Worklog [Nintendo WiicUbe] Portablized Wii in Wii U Gamepad

Discussion in 'Wii' started by gnarlynick, Jul 5, 2018.

  1. gnarlynick .

    Joined:
    Jun 24, 2018
    Messages:
    44
    Likes Received:
    34
    Location:
    Ohio
    Portables:
    3
    Do you have any tips on stripping magnet wire? I have 34 AWG magnet wire and have tried the sandpaper trick as well as heating the end with both a lighter or the soldering iron, both proved to unreliably strip the enamel on the wire and sometimes melt away the wire itself. Out of frustration, I used 34 AWG silicone (super flexible) wire instead.
     
  2. BocuD .

    Joined:
    Jul 21, 2016
    Messages:
    447
    Likes Received:
    490
    Location:
    The Netherlands
    Portables:
    2
    Yeah, for stripping it you just put some solder on your iron, then heat it up a bit more then your normal soldering temp and then just dip the end if the wire in the hot solder for a second or so. That way it should be both stripped and tinned.
     
    Wron and gnarlynick like this.
  3. gnarlynick .

    Joined:
    Jun 24, 2018
    Messages:
    44
    Likes Received:
    34
    Location:
    Ohio
    Portables:
    3
    I'll give this a shot, thanks for the advice.
     
  4. gnarlynick .

    Joined:
    Jun 24, 2018
    Messages:
    44
    Likes Received:
    34
    Location:
    Ohio
    Portables:
    3
    @BocuD I put on a good audio book and resoldered everything using 34 AWG magnet wire with your stripping/tinning advice. I checked continuity on each lead and everything seems to be in good order; looks great too. Thanks for the suggestion and advice, this is definitely an improvement!

    Just have to wire the data, vcc, gnd, as well as the rumble motor and the controls should be 100%.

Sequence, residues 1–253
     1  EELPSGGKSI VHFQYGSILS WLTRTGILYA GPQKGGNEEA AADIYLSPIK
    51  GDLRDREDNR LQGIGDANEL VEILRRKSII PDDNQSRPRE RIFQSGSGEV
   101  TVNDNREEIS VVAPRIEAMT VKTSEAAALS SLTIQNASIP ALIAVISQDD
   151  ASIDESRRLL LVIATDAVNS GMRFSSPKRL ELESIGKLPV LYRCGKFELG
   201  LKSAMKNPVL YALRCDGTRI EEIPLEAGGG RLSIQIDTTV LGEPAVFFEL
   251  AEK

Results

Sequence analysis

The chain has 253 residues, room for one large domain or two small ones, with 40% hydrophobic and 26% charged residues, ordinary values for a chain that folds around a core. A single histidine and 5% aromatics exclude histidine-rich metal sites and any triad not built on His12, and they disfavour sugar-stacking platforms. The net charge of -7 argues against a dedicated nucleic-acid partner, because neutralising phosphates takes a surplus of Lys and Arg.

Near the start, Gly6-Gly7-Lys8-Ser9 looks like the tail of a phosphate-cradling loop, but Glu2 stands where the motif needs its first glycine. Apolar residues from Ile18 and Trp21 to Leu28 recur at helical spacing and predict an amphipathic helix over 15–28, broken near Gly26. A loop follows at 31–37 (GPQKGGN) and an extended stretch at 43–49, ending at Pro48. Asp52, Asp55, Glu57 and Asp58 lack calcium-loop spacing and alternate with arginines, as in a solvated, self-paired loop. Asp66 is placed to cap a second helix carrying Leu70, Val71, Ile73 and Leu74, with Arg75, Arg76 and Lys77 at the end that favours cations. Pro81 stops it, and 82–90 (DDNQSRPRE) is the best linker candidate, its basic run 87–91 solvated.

Attached Files:

    fibbef, BocuD and MRKane like this.
  5. cheese the tallest memer in town Staff Member . . .

    Joined:
    Mar 2, 2016
    Messages:
    2,494
    Likes Received:
    2,215
    Location:
    Florida
    Looks p good
     
    gnarlynick likes this.
  6. fibbef Wizardry V Completer .

    Joined:
    Nov 10, 2016
    Messages:
    563
    Likes Received:
    1,473
    Portables:
    3
    Looks tons better! Not that your previous wiring job was bad, but thick is thicc. Glad you got the knack of magnet wire!
     
    cheese and gnarlynick like this.
  7. gnarlynick .

    Joined:
    Jun 24, 2018
    Messages:
    44
    Likes Received:
    34
    Location:
    Ohio
    Portables:
    3
    I'm having some difficulty determining the pinout of the slide potentiometer I'm using in my build. I pulled a datasheet from the manufacturer and found that the bottom two pins are ground and the top right pin is unused (a "dummy"). That leaves the top and bottom left pins and the bottom right pin (2T, 1T, & 3T in the datasheet) to be the wiper and the 5v vcc.

    Does anybody have experience with these potentiometers and knows how to determine the correct pinout?
     

    Attached Files:

    Last edited: Jan 8, 2019
  8. BocuD .

    Joined:
    Jul 21, 2016
    Messages:
    447
    Likes Received:
    490
    Location:
    The Netherlands
    Portables:
    2